7.      Kurz DJ et al. Chronic oxidative stress compromises telomere integrity and accelerates the onset of senescence in human endothelial cells. J Cell Sci. 2004;117(Pt. 11):2417–2426.
8.      Pellatt AJ et al. Telomere length, telomere-related genes, and breast cancer risk: the breast cancer health disparities study. Genes Chromosomes Cancer. 2013;52(7):595–609.
9.      Morgan RG et al. Age-related telomere uncapping is associated with cellular senescence and inflammation independent of telomere shortening in human arteries. Am J Physiol Heart Circ Physiol. 2013;305(2):H251–H258.
10.    Rizvi S et al. Telomere length variations in aging and age-related diseases. Current Aging Science. 2014;7(3):161–167.
11.    Cawthon RM et al. Association between telomere length in blood and mortality in people aged 60 years or older. Lancet. 2003;361(9355):393–395.
12.    Antonio J et al. The effects of bovine colostrum supplementation on body composition and exercise performance in active men and women. Nutrition. 2001;17:243–247.
13.    Bak JF et al. Effects of growth hormone on fuel utilization and muscle glycogen synthase activity in normal humans. Am J Physiol. 1991;260(5 Pt 1):E736–E742.
14.    Mero A et al. IGF-I, IgA, and IgG responses to bovine colostrum supplementation during training. J Appl Physiol. 2002;93(2):732–739.
15.    Appukutty M et al. Colostrum supplementation protects against exercise-induced oxidative stress in skeletal muscle in mice. BMC Res Notes. 2012 Nov 22;5:649.
16.    Doherty TJ. Invited review: Aging and sarcopenia. J Appl Physiol. 2003;95(4):1717–1727.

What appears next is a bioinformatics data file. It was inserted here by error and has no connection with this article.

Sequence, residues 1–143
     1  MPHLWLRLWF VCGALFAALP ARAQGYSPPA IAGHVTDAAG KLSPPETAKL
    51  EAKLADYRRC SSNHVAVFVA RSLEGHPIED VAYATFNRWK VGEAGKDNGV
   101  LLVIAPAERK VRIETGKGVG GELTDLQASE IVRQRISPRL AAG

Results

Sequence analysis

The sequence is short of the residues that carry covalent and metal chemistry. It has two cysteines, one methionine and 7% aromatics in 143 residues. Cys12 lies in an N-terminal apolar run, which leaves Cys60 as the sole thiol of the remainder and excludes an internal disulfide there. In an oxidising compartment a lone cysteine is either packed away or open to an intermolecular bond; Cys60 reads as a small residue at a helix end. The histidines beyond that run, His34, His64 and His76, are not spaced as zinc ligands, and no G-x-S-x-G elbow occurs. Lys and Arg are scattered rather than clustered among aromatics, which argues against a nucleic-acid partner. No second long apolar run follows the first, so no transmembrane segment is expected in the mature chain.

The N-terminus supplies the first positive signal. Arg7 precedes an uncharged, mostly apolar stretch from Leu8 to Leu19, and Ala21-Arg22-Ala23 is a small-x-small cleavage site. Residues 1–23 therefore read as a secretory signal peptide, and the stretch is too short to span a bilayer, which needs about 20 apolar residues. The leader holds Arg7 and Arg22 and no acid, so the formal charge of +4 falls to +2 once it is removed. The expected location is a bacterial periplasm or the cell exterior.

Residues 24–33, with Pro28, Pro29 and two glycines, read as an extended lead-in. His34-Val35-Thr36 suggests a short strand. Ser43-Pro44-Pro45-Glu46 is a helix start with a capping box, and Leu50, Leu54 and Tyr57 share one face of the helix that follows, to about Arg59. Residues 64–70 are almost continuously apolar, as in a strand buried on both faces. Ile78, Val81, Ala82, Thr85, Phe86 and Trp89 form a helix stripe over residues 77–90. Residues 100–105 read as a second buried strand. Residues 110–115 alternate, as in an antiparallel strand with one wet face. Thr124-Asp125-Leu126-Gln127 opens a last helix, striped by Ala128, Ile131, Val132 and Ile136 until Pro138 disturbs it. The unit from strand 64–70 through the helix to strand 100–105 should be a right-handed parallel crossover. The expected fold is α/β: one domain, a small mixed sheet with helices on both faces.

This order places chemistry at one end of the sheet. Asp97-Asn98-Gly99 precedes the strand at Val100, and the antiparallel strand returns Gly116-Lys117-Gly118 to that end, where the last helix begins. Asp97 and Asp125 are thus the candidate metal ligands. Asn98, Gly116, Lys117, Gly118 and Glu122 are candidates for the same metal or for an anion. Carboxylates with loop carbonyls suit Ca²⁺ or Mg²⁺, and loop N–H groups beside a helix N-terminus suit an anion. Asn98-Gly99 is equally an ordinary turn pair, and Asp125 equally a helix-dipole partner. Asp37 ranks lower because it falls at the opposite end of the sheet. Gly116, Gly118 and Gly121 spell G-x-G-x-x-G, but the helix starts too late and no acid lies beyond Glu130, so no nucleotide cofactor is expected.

17.    Paddon-Jones D, Short KR, Campbell WW, Volpi E, Wolfe RR. Role of dietary protein in the sarcopenia of aging. Am J Clin Nutr. 2008 May;87(5):1562S–1566S.
18.    Koopman R, Verdijk L, Manders RJ, et al. Co-ingestion of protein and leucine stimulates muscle protein synthesis rates to the same extent in young and elderly lean men. Am J Clin Nutr. 2006 Sep;84(3):623–632.
19.    Hwang KA et al. Oral administration of insulin-like growth factor-I from colostral whey reduces blood glucose in streptozotocin-induced diabetic mice. Br J Nutr. 2012;108(1):39–45.
20.    Kim JH et al. Health-promoting effects of bovine colostrum in Type 2 diabetic patients can reduce blood glucose, cholesterol, triglyceride and ketones. J Nutr Biochem. 2009;20(4):298–303.

Douglas Wyatt is the founder of Sovereign Laboratories LLC, a Sedona-based company dedicated to developing natural products that provide the public with the best solutions for optimal health. He is honored to be listed as the leading expert in colostrum and is credited with reintroducing bovine colostrum into human use. Additionally, he serves as the research director of the International Center of Nutritional Research, a not-for-profit institute dedicated to nutritional health, and is one of the leading figures in the natural products Industry. Doug is a leader in the research and a proponent of colostrum's unique and powerful healing components that show incredible promise for turning the tide on the prevention and treatment of the world's increasing chronic disease endemic. As a publisher, author, writer, scientist, and public speaker, Doug has appeared nationwide on television and radio shows and at health conventions worldwide. He is dedicated to the prevention of chronic disease through natural nutritional intervention and is working with the WHO (World Health Organization) and other internationally recognized research organizations on clinical trials on HIV/AIDS other infectious disease, autoimmune disease, and bowel health issues.